Debriefing Summary

We have provided a summary of the debriefing, organized into chapters for ease of use.

Date of Debriefing: July 13, 1964
Team members: Jean Benjamin, Polly Cowan, Dorothy Height, Marian Logan, and Anne McGlinchy.

The Team 1 debriefing opens with each of the five team members holding the floor in turn to relate their personal experiences and their perceptions of the effectiveness of the project’s efforts. In the general discussion, the women describe the emotional impact of seeing first hand the effects of segregation and discrimination in the South. The conversation flows comfortably between the team members, and they obviously developed a fast friendship from this experience. An undetermined number of individuals concerned with the project are present in the audience.

Dorothy Height opens the debriefing with a review of their purpose in going to Mississippi and the ways in which they felt threatened during their visit. Anne McGlinchy offers her views of the strength of the African-American women and the action they are taking to secure their rights. Marian Logan discusses the feeling of being alone when the group separated by race at the airport, her encounter with a child at the Freedom School who wanted to fight the white race, and a failed Molotov cocktail being thrown at the school during their visit. Jean Benjamin details her conversations with the Freedom School children and her impression of the COFO volunteers working there. Polly Cowan informs the group of a grocer donating food to the Vicksburg volunteers and the Catholic Church’s prohibiting Catholic sisters from participation with WIMS. By contrast, she points out that fear of economic retaliation makes other groups such as Jewish women and League of Women Voter members reluctant to participate. Height and Cowan close the meeting with a discussion of the importance of their approach to the overall civil rights effort and the direction for future teams.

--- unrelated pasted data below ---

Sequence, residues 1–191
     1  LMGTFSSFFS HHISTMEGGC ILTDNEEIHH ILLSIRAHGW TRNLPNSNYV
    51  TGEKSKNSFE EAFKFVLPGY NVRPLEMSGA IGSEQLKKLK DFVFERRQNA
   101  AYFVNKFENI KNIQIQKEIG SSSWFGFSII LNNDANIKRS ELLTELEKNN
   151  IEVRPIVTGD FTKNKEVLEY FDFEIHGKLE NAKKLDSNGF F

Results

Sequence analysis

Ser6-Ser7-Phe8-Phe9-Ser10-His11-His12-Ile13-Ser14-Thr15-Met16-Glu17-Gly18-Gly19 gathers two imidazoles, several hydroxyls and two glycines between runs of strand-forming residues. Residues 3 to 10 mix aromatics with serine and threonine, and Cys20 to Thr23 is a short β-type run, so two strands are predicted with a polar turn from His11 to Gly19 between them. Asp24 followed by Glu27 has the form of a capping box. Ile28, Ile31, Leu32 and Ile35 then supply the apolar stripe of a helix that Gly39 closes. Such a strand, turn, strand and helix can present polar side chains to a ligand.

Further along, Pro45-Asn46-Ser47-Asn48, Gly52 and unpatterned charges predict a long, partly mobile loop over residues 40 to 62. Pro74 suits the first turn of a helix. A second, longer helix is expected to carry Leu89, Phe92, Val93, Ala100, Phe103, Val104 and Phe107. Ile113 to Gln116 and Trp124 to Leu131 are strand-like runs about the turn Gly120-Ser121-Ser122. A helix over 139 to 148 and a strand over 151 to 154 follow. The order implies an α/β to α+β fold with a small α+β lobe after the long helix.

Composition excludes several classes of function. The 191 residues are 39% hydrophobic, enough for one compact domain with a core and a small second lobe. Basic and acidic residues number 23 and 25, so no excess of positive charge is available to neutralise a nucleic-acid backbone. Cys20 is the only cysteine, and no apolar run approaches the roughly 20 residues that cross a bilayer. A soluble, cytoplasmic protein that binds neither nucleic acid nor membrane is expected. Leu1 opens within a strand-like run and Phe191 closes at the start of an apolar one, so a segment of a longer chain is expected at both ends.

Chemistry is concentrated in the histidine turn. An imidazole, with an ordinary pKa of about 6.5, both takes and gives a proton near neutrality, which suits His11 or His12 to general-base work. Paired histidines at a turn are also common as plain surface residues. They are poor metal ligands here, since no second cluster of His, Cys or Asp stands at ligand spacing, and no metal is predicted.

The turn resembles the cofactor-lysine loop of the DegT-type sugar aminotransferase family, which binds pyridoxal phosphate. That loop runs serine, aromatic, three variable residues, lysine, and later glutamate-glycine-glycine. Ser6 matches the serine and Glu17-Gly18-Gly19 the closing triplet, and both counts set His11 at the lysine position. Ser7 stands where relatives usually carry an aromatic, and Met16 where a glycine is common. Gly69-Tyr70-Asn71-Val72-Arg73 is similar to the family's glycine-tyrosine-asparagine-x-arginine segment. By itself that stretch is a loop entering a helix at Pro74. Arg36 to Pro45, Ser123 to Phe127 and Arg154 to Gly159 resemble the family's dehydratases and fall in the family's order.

Chapter 1 (Side 1 – 01:40-22:46)
Dorothy Height describes the WIMS objective to open lines of communication in the community in order to establish a basis for reconciliation, allowing all individuals to enjoy their full rights as citizens. She relates an experience that she and two other African-American women had attempting to dine at a hotel restaurant. After being subtly threatened by the host as they waited for their food, the African-American employees came out to act as buffers for their safety. In a second story, she discusses the experience of a Freedom School teacher who was upset when a role play of “Uncle Tom” seemed to cause more harm than good. Duration: 22:26.

Chapter 2 (Side 1 – 22:47-34:15)
Anne McGlinchy discusses the dedication of the volunteers at the Freedom Summer projects and their need for supplies. She observes that African-Americans were appreciative of the WIMS effort, and how faith was an important source of strength in their community. Through organizations like WomanPower Unlimited, sympathetic members of the Jackson community were organizing assistance for the COFO volunteers. Lastly, she relates the story of a young woman who had been jailed for picketing and was spat upon by the warden while in jail. She concludes that these African-American women have extraordinary power and will not fail. Duration: 11:49.

Chapter 3 (Side 1 – 34:16-52:45)
Marian Logan relates her sense of feeling alone when she and Dorothy Height were forced to separate from the other team members at the airport. She discusses how impressed she was with the manner in which the women maintained a sense of humor despite their lives and cites as an example the novel approach one maid took to encourage her employer to honor a boycott of a grocery store. Other stories detail her encounter with a young boy at the Freedom School who thought his goal should be to fight against the entire white race, the living conditions of poor children they observed in a rural community, and how she reacted when a fizzled Molotov cocktail was thrown out of a passing car as she was on the phone. Duration: 17:30.

Chapter 4 (Side 1 – 52:46-01:00:27)